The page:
Two decades of U.S. government legislative outcomes, as well as the policy preferences of high- income people, the general population, and diverse interest groups, were captured in a detailed dataset curated and analyzed by Gilens, Page et al. (2014). They found that the preferences of high-income earners correlated strongly with policy outcomes, while the preferences of the general population did not, except via a linkage with the preferences of high earners. Their analysis applied the tools of classical statistical inference, in particular logistic regression. In this paper we analyze the Gilens dataset using the complementary tools of Random Forest classifiers (RFs), from Machine Learning.
We present two primary findings, concerning respectively prediction and inference: (i) Holdout test sets can be predicted with approximately 70% balanced accuracy by models that consult only the preferences of those in the 90th income percentile and a small number of powerful interest groups, as well as policy area labels. These results include retrodiction, where models trained on pre-1997 cases predicted “future” (post-1997) cases. The 20% gain in accuracy over baseline (chance), in this detailed but noisy dataset, indicates the high importance of a few distinct players in U.S. policy outcomes, and aligns with a body of research indicating that the U.S. government has significant plutocratic tendencies.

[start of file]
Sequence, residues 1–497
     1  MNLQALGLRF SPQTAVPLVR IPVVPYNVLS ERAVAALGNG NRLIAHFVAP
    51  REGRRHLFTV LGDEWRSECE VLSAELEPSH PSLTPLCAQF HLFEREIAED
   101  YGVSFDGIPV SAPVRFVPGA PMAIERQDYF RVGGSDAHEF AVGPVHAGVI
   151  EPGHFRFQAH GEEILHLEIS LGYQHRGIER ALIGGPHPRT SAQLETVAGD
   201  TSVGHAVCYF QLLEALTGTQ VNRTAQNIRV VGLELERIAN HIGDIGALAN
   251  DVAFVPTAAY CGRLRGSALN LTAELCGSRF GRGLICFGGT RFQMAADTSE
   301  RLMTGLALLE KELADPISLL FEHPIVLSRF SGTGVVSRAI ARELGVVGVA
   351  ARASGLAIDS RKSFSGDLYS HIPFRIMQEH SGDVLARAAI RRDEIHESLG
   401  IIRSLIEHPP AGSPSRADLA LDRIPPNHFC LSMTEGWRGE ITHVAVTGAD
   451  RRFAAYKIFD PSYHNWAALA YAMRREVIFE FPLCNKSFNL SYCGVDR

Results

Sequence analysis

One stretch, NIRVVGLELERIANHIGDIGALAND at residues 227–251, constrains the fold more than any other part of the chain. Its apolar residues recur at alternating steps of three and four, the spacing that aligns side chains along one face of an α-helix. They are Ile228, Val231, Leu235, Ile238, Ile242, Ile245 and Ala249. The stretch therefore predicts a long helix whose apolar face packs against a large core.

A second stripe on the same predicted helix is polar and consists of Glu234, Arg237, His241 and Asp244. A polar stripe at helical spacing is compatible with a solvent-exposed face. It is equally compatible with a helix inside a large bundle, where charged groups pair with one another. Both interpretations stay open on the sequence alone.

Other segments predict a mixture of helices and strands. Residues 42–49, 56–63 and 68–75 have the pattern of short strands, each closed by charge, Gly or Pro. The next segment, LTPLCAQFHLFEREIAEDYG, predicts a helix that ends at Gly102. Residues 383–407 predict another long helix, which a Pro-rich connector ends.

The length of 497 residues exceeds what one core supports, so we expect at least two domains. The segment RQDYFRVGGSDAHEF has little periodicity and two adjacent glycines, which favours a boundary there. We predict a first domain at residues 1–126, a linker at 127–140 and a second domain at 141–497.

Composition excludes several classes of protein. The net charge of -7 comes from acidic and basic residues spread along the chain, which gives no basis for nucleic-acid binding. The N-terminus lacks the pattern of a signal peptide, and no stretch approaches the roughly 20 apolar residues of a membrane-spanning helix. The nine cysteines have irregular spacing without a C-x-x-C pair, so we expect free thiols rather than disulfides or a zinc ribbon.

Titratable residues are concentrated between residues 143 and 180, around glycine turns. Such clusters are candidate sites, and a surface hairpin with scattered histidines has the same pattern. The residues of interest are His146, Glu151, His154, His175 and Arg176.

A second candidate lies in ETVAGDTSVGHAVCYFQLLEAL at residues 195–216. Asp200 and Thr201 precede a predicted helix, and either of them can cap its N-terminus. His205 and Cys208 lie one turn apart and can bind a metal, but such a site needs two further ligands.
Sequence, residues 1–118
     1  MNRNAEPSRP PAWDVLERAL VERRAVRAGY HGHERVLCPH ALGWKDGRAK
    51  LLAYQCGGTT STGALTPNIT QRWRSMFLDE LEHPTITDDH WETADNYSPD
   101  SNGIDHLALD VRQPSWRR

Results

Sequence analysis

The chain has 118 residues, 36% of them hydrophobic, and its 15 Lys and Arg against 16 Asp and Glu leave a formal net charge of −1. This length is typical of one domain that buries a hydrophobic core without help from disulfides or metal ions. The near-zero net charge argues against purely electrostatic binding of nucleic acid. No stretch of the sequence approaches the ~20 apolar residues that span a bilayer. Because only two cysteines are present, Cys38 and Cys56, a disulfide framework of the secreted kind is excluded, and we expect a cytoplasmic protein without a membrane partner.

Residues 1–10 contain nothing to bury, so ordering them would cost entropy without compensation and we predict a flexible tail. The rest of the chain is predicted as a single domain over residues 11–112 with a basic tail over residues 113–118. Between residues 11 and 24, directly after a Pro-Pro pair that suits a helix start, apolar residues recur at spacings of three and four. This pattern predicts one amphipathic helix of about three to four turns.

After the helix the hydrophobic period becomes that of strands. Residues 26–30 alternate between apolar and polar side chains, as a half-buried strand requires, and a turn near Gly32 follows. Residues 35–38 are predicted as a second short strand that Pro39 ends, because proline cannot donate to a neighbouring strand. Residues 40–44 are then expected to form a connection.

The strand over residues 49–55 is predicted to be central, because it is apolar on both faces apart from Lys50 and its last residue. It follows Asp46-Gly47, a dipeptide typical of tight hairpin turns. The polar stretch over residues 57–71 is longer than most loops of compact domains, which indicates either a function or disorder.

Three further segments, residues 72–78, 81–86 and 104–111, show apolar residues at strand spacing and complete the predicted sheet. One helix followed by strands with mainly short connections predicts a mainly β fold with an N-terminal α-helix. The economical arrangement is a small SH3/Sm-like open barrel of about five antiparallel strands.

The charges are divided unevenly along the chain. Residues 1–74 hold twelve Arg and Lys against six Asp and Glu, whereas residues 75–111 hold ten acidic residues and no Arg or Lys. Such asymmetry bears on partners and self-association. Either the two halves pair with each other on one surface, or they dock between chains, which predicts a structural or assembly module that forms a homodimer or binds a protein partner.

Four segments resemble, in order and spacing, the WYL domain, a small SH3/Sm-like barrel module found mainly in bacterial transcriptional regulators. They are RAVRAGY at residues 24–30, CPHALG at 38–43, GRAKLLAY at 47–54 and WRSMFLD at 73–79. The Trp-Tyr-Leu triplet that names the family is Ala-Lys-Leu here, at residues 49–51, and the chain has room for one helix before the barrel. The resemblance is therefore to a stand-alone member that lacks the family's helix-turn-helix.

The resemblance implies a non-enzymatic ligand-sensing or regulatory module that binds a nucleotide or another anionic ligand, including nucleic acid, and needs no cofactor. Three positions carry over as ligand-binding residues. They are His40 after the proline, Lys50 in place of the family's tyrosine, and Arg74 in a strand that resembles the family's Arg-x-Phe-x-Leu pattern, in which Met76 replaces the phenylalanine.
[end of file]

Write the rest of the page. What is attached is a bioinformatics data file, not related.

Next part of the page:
(ii) The feature selection methods of RF models identify especially salient subsets of interest groups (economic players). These can be used to further investigate the dynamics of governmental policy making, and also offer an example of the potential value of RF feature selection methods for inference on datasets such as this one.